Rent arrears remedies will be available again to unpaid landlords
March 17, 2022
Of all the many restrictions placed on creditors to protect businesses during the pandemic, none have been as long lasting or wide ranging as those, which have prevented the enforcement of rent arrears throughout the crisis. This shelter has been vital to many viable but cash-strapped enterprises, but as from 25th March 2022, the full panoply of remedies will be available once again to unpaid landlords for future rent.
This begs the question about the arrears of commercial rent that have built up during the pandemic, estimated to be as much as £8.5bn. What happens next?
Mindful of the need to introduce some element of fairness in dealings having consistently favoured tenants during the crisis and consequently, oppressed landlords, the government legislated in November 2021 to bring in a legally-binding and mandatory arbitration process to settle disputes between parties, where this could not be agreed on a consensual basis. The Commercial Rent (Coronavirus) Bill governs this new procedure, under which an independent Arbitrator will consider the dispute and make an award based on the evidence they are given.
Protected rent debt
The Bill creates a new concept by defining the rent arrears, which can be dealt with through this arbitration process, called ‘Protected Rent Debt’. In essence this means the unpaid rent (including service charges, insurance, interest and VAT), which relates to any period during which the tenant’s business was obliged to close because of government regulations, which may have applied between 20th March 2020 and 18th July 2021. It is not rent for the whole of this period, just during the various lockdowns and other local restrictions.
Other rent arrears
Any other rent arrears will be fully exposed to landlord enforcement action as from 25th March 2022. So it is open season on unpaid rent for periods when no national or local lockdown was in force, or that owed by businesses in sectors not forced to close by government restrictions.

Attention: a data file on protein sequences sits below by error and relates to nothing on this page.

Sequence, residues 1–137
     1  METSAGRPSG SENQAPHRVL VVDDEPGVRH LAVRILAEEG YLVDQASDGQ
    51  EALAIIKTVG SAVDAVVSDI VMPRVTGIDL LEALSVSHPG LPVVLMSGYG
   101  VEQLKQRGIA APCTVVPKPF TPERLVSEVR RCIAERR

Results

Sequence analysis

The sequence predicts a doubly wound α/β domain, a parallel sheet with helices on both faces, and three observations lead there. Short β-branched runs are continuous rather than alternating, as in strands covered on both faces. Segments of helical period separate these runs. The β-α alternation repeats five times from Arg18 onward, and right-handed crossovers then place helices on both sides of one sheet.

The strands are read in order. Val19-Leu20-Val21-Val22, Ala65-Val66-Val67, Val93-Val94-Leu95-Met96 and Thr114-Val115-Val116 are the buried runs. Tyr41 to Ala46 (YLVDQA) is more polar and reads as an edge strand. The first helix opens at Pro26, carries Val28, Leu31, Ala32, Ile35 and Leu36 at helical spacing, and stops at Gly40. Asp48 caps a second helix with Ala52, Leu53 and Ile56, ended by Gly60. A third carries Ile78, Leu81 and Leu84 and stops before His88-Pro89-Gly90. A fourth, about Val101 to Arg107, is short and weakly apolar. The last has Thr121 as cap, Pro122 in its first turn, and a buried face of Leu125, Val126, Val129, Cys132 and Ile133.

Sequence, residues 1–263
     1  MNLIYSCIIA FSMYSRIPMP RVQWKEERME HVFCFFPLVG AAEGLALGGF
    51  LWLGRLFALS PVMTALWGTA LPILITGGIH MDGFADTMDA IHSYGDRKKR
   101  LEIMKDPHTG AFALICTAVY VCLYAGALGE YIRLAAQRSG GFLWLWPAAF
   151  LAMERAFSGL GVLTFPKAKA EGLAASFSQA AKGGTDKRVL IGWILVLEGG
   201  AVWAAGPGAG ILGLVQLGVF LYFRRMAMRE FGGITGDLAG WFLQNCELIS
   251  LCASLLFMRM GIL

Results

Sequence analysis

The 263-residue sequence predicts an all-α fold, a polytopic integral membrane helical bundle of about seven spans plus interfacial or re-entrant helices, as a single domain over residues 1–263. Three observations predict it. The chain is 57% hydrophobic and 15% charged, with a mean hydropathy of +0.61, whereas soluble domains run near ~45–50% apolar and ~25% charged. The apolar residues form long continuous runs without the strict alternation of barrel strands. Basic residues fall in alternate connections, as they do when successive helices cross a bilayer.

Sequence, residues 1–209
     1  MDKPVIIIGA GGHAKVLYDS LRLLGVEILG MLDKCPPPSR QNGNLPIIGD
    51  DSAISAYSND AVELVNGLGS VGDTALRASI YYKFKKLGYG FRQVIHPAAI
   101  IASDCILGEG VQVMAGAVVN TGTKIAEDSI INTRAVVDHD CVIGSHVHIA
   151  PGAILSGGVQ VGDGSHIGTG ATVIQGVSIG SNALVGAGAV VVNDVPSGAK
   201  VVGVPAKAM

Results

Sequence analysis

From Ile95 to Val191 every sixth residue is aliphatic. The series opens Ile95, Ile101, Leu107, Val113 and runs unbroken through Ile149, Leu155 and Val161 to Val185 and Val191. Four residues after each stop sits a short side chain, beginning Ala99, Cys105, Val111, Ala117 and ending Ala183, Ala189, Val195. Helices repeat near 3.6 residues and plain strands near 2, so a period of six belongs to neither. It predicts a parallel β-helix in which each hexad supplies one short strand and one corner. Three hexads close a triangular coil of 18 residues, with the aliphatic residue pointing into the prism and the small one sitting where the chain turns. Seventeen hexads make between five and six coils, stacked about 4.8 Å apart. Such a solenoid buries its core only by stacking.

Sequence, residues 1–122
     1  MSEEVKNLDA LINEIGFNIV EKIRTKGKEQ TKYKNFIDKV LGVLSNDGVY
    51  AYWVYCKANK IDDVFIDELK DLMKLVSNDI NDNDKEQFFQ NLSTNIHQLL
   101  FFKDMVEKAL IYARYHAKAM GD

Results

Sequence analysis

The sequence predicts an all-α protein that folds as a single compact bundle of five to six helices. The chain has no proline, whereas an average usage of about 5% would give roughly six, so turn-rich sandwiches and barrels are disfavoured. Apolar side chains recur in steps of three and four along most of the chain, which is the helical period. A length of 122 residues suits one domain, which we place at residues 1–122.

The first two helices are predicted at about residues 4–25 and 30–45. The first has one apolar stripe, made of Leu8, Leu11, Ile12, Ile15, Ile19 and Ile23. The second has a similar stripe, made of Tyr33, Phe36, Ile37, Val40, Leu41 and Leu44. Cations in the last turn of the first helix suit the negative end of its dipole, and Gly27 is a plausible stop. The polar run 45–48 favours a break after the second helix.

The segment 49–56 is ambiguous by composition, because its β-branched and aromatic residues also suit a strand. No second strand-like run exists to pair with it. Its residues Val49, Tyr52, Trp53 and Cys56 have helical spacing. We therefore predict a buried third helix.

What principles must the Arbitrator follow?
Firstly, the award must preserve the viability of the business of the tenant, so far as that is consistent with also preserving the landlord’s solvency. Provided it is consistent with the tenant’s viability, the second principle is that, if a tenant can afford to meet its payment obligations, it should do so in full and without delay.
What information will the Arbitrator take into account?
The Bill contains specific guidance for the Arbitrator, of which the key requirement is to establish whether the tenant is in a position to pay the rent arrears in full immediately, or if a deferred settlement arrangement or a write off of all or part of the arrears is justified.
What this means is that the tenant will have to provide the Arbitrator with comprehensive financial data on their solvency and their cash flow profiles. Because the solvency of the landlord has to be considered, this also applies to them. Somewhat menacingly, the Bill says that any manipulation by a party of its financial affairs is to be disregarded. Equally, the tenant cannot be forced as part of any settlement to restructure or take on additional debt.
What should tenants and landlords be doing now?
No matter how difficult relations may have become, now is the time for dialogue, even at this late stage. The inherent delays, costs and uncertainties of going down the arbitration route are unlikely to be in the best interests of either party, if it can possibly be avoided. Equally important, there is also the non-protected rent to discuss and deal with.
Preparing financial data
There will be a host of financial data to be gathered and put together in a format that makes it both user-friendly and credible for the Arbitrator. Leaving this until the last minute is a recipe for disaster in the proceedings.
Gaining independent support
This is all unfamiliar territory for entrepreneurs and their management teams and for many landlords. Involving outside experts experienced in these matters will avoid distracting management and bring that vital element of credibility to the evidence presented to the Arbitrator. Calling them in at the outset is key and may even be the catalyst necessary to prompt a pre-arbitration settlement.
Get in touch
If your business is dealing with rent arrears and is struggling to reach a settlement with your landlord, or if you are a landlord with a struggling tenant, Opus is here to help. We has extensive experience of difficult situations like theses. You can contact us at your nearest local office to arrange a no obligation and confidential call with one of our Partners.